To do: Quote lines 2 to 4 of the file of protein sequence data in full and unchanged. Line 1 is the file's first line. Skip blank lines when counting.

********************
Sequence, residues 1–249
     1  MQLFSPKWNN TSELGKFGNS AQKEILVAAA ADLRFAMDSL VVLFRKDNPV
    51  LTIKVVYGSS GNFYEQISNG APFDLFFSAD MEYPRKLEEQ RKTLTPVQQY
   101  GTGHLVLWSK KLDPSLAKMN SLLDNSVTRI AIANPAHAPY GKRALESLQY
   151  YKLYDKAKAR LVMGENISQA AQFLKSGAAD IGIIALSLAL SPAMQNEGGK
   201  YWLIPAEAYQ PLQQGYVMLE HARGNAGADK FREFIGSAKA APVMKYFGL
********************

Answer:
     1  MQLFSPKWNN TSELGKFGNS AQKEILVAAA ADLRFAMDSL VVLFRKDNPV
    51  LTIKVVYGSS GNFYEQISNG APFDLFFSAD MEYPRKLEEQ RKTLTPVQQY
   101  GTGHLVLWSK KLDPSLAKMN SLLDNSVTRI AIANPAHAPY GKRALESLQY